Parental Priorities Lead to Poverty

There is no greater gift a parent can give their children than a good solid education, especially when faced with overwhelming poverty.  And yet, in some of the poorest countries in the world, parents are neglecting their children’s futures by falling behind on school tuition, not just because they are poor but also, in many cases, because the fathers — who generally control the finances — spend an inordinate amount of the family’s limited resources on alcohol, cigarettes, and even cellphones.

Nicholas Kristof has written a piece for the New York Times about his experiences in central Africa where he encountered numerous examples of parents making poor lifestyle choices.  “I’ve seen too many children dying of malaria for want of a bed net that the father tells me is unaffordable,” says Kristof, “even as he spends larger sums on liquor.”  These sorts of twisted priorities are not limited to the poorest countries; I’ve seen the exact same sort of behavior here at home.

Rachel Grilley, a first grade teacher in Daly City, just south of San Francisco, says parents tell her that they don’t have time to read to their kids at home.  They do have, however, plenty of time to watch television.  “I have some parents who say they can’t afford $8 to join the PTA but their kids come to school in expensive brand-name running shoes.”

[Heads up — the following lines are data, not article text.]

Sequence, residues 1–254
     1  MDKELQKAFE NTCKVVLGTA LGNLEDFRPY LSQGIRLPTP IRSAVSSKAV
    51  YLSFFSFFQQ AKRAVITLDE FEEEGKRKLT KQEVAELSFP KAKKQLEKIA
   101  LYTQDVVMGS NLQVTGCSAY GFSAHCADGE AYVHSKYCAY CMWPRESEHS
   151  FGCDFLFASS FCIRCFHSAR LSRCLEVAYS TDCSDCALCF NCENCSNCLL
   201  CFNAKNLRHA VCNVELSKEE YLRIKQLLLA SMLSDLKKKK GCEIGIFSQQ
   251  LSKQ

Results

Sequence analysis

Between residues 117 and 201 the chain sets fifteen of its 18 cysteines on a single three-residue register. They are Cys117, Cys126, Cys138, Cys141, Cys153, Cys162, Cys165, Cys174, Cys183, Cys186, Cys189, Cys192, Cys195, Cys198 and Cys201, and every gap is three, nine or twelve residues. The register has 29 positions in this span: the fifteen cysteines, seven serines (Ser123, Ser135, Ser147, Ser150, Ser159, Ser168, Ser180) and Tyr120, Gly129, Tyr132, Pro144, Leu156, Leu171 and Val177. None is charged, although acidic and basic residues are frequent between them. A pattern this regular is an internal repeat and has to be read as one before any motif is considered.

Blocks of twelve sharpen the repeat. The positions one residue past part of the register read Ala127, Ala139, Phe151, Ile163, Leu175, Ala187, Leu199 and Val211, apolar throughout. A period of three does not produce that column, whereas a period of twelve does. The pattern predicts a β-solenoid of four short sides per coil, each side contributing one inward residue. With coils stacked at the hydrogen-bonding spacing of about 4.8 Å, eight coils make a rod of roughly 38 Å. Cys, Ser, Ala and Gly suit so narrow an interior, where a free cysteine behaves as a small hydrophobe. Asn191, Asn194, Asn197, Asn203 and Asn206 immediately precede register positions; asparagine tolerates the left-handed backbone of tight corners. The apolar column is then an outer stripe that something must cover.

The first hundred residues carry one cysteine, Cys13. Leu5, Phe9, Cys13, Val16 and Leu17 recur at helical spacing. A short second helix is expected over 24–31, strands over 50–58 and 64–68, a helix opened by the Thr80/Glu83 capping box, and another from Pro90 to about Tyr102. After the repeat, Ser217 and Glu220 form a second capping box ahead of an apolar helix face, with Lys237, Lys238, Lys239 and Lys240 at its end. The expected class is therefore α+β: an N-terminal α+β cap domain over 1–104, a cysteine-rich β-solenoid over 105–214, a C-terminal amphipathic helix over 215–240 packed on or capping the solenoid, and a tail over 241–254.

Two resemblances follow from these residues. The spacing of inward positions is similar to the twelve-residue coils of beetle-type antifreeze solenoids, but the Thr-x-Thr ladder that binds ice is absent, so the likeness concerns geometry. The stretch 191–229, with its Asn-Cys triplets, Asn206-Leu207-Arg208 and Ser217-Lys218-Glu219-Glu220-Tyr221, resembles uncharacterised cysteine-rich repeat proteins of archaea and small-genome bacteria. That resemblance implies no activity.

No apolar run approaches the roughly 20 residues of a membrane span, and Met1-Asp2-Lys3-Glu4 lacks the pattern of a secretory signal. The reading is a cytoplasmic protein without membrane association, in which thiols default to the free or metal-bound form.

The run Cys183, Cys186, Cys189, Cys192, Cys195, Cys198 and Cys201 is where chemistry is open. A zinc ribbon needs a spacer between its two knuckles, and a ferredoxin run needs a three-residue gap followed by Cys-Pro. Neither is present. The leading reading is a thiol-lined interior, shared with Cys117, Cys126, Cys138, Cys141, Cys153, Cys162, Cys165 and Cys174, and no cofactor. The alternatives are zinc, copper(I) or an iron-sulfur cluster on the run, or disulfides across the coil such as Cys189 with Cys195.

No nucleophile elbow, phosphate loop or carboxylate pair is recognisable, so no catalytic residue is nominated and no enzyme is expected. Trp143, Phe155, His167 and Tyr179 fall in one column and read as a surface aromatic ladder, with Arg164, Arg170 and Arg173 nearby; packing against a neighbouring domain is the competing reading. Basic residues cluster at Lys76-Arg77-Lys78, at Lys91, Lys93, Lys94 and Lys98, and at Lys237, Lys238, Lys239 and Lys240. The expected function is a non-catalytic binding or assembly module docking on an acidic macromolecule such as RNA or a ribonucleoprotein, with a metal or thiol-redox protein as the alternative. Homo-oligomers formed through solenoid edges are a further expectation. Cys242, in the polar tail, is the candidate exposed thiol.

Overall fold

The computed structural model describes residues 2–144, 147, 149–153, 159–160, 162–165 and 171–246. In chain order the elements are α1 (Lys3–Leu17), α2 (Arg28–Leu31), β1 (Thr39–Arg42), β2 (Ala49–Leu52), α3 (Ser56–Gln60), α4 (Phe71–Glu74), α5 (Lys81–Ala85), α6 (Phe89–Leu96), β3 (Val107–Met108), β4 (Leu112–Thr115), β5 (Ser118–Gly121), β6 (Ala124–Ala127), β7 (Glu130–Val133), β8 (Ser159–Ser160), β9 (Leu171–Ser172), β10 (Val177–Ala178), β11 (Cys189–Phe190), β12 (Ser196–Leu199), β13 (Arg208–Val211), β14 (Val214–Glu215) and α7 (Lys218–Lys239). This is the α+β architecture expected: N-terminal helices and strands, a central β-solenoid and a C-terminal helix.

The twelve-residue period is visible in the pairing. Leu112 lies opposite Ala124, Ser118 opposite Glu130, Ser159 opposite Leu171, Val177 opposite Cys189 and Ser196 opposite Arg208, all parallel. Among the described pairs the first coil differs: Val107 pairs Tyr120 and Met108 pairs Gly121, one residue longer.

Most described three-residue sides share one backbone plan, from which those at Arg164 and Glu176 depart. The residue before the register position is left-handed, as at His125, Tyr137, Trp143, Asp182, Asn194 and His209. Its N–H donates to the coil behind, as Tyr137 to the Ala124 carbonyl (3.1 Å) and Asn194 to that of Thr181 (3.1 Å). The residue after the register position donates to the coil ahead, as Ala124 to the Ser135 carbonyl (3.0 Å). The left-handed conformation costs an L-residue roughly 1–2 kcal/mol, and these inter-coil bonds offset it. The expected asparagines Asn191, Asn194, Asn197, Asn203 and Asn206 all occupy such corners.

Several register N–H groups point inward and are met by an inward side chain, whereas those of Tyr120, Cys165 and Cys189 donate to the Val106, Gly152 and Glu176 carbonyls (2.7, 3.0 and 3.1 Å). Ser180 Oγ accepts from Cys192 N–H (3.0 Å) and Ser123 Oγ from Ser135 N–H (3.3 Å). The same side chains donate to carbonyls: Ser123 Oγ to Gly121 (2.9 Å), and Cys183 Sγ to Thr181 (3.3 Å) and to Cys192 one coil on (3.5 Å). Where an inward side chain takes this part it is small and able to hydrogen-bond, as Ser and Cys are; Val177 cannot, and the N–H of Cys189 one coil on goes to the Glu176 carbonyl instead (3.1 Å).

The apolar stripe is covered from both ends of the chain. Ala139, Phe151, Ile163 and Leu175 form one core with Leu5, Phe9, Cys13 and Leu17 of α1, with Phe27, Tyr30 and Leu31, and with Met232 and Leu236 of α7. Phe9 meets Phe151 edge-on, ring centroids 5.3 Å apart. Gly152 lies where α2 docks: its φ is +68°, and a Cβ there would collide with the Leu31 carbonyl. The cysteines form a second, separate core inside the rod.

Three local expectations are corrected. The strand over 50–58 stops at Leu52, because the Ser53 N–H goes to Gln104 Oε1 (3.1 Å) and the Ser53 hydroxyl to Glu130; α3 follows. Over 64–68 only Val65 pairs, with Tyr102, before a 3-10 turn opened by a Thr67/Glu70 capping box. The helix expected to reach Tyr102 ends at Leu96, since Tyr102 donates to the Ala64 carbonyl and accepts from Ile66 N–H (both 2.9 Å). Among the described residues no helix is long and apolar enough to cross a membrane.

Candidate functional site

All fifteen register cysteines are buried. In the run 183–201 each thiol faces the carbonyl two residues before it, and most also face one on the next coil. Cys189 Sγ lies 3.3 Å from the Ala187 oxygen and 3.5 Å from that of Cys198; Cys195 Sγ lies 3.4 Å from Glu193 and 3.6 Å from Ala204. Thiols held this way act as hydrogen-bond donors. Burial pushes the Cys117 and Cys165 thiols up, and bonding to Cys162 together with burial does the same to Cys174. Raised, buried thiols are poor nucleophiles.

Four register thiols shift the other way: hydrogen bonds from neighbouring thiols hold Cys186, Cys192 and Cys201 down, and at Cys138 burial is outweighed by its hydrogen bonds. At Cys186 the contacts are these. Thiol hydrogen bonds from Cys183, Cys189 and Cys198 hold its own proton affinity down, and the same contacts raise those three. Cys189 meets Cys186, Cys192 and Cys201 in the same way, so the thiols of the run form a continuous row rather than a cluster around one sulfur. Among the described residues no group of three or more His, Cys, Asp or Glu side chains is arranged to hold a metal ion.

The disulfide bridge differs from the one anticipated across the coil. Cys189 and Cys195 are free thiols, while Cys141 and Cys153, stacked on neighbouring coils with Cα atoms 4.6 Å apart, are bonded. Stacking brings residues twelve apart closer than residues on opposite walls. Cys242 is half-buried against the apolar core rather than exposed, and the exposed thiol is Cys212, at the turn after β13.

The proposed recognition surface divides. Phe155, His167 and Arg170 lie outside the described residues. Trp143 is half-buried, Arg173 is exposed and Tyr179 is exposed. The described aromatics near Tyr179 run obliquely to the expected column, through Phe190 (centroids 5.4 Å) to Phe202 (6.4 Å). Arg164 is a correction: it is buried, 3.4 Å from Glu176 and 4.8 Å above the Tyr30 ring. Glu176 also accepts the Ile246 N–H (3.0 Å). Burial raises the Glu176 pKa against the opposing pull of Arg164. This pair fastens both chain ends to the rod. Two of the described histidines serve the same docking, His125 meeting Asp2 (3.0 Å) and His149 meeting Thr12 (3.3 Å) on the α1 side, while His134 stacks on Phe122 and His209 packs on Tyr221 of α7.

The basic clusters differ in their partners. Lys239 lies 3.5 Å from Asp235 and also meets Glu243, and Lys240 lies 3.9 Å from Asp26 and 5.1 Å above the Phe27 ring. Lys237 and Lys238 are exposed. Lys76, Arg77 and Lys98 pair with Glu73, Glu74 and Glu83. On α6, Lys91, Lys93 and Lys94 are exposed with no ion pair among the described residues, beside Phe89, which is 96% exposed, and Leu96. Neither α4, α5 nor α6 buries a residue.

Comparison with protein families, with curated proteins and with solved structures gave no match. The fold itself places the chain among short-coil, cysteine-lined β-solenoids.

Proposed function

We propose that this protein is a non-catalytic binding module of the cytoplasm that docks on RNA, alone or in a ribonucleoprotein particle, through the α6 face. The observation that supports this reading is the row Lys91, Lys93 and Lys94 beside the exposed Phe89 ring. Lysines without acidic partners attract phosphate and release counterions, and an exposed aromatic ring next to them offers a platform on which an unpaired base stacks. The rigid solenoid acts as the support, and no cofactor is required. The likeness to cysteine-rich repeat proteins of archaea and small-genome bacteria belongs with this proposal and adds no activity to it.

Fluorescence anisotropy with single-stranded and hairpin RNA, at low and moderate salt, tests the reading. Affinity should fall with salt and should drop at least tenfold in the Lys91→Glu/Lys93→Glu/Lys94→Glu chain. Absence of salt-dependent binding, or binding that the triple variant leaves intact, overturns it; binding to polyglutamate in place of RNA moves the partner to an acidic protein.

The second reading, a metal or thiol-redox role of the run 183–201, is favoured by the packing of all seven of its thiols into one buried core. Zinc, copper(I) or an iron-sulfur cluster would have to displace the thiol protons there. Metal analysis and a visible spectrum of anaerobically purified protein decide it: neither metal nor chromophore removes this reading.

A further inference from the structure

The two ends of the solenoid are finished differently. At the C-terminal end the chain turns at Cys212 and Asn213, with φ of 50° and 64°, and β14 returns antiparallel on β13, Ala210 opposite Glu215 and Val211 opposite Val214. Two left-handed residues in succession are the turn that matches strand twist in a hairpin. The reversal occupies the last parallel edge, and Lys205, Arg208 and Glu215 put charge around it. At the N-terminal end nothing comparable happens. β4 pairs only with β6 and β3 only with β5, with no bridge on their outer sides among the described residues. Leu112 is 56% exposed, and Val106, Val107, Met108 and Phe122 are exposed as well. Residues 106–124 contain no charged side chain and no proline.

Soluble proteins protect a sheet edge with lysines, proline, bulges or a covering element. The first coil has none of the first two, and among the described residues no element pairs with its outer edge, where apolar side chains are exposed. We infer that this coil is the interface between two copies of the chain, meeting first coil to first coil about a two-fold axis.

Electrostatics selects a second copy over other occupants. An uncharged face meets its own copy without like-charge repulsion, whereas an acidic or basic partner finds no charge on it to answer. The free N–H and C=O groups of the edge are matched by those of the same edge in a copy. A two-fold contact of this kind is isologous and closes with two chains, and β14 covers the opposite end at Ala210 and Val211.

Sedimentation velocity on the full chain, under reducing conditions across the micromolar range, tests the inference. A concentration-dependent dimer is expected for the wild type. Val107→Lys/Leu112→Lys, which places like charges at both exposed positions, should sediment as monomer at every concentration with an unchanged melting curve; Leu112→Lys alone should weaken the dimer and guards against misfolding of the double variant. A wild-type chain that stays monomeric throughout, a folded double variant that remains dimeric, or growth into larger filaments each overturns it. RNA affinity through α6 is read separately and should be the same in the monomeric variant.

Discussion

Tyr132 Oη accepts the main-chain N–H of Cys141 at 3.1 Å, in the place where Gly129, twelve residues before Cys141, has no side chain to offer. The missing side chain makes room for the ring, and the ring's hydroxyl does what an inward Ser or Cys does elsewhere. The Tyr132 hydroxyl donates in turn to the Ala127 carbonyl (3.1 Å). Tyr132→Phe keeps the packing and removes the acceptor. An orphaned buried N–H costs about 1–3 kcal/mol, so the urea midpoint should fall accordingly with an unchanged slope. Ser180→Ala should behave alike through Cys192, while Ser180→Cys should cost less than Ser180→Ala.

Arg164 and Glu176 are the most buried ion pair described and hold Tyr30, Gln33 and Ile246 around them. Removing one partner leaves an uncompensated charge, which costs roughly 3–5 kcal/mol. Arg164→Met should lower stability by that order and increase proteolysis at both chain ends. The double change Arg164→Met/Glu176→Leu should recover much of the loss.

I’ve always believed that if you’re going to have children, you have to be prepared and willing to never see a movie, attend a concert, or enjoy any other adult activities until the kids are grown and on their own.  Of course, there are ways that parents can get around this responsibly — grandparents, dad’s and mom’s nights out, DVDs after bedtime — but parents need to be ready to make that sacrifice — or they shouldn’t have kids.

Mind you, I’m certainly no angel.  I have a propensity to buy more CDs than I really ought to and I know I spend more time on the internet than I should.  But my kids have what they need and we have a lot of good times together; they’re in no danger of being kicked out of school or losing their home because I can’t give up booze and smokes (or music and Facebook).  I think I’m doing okay, overall.  How about you?  Have you ever let your priorities get out of whack?  Ever put your own needs before your kids in a way that you regretted later?  Or, do you know anyone like that?

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